Those moments of celebration get buried in a hail-storm of things gone wrong. What we if started writing down the victories? What if, instead of telling the pastor as you exit the sanctuary that his sermon really spoke to you, you write him an email and let him know specifically why it blessed you? What if instead of just reviewing how many people came to an event or how much money was raised, we took time to write down the stories of the day…places where we encountered evidence of God at work? What if we wrote out our celebrations so that our leaders (and we) could revisit them on the days that we feel we are being buried alive by criticism?
Hebrews 13:17 says, “Have confidence in your leaders and submit to their authority, because they keep watch over you as those who must give an account. Do this so that their work will be a joy, not a burden, for that would be of no benefit to you.” (NIV)
I’m both a ministry leader and a church member. Most ministry leaders also have someone leading them. (If they don’t, pray for them to find someone to be led by. It’s healthy.) I see both sides. I am in need of your prayers, of the freedom to not have to give everyone full access, of conversations about something other than mission trip or what’s on the calendar. I’ve had a parent hand me a note, telling me how grateful they are that God has brought me to invest in their students. That note came a year ago. I still have it and every time I see it, it is a reminder that there are great things happening, even if the failures are a more popular topic.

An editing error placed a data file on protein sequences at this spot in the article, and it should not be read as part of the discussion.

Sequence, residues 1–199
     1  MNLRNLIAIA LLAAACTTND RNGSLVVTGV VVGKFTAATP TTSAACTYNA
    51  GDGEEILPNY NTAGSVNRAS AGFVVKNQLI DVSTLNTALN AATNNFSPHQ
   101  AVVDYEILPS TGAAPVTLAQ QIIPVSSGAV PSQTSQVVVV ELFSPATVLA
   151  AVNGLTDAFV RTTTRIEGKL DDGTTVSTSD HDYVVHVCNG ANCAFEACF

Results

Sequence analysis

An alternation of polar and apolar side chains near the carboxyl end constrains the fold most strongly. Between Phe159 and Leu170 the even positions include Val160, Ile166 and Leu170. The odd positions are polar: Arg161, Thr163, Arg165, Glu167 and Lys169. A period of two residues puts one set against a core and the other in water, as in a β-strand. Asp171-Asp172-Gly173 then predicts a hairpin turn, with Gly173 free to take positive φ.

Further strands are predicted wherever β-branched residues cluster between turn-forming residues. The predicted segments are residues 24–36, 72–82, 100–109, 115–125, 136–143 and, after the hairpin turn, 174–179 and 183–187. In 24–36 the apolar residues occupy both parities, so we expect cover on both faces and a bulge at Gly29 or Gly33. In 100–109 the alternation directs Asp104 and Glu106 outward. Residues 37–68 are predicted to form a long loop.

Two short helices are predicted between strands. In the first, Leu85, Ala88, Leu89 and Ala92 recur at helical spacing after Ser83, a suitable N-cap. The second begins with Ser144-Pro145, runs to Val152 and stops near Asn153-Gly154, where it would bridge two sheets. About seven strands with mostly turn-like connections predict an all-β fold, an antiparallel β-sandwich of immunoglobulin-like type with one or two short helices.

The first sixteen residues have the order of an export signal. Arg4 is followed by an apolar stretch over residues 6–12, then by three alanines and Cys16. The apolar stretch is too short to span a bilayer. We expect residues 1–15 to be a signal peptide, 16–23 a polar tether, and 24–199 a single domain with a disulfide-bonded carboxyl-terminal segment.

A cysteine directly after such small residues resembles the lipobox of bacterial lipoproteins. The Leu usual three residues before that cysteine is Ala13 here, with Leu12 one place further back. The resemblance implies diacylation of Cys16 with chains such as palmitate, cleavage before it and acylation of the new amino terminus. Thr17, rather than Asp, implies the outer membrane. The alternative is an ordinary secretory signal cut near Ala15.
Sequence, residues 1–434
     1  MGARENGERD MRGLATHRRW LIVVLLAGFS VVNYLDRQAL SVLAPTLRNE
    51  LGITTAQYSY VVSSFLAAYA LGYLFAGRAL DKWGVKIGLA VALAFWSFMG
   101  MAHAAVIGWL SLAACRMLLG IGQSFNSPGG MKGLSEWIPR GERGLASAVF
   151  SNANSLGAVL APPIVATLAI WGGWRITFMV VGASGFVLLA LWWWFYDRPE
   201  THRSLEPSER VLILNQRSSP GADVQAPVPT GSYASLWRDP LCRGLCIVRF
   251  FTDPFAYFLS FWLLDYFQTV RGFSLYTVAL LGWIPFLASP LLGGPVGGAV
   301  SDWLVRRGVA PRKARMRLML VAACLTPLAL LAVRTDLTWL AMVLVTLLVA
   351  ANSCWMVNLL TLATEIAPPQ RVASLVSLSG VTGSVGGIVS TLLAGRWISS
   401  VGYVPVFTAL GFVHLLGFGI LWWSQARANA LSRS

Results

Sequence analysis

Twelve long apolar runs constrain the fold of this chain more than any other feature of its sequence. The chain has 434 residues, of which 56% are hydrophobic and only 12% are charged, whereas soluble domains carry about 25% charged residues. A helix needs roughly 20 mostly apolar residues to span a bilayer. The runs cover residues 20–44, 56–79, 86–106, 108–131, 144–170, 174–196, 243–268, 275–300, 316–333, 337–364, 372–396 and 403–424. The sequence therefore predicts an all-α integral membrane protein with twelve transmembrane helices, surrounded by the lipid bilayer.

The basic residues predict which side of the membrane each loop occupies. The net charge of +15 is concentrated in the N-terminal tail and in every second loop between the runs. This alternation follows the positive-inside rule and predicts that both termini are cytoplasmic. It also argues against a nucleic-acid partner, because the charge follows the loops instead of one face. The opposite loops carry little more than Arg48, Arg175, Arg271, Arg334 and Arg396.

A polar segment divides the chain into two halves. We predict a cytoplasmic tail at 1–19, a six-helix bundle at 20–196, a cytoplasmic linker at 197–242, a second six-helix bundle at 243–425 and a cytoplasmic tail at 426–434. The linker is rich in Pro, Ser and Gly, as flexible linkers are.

I’ve also been the one hurt over not being invited into the discipleship group that my leaders were starting. I’ve been the one wondering why it feels like I value them more than they value me. I’ve been the one having to teach myself to let them build their own small group of trusted friends, their 12, without demanding I be a part of it. I know what it is to get stuck on the problems of the church. Y’all, there are plenty of problems with the church, it is easy to get fixated on them. But I want to be a person that speaks louder and more often about the triumphs than the defeats. I’m not faithful in prayer. I think about how I would like my leaders to be different but I rarely pray that they would hear from The Lord and be brave in following.
So blessing our leaders, it just doesn’t come naturally. I totally get it. But that doesn’t excuse us from it.
What are some other ways you have discovered to bless leaders? If you are a leader, what are ways you have been blessed?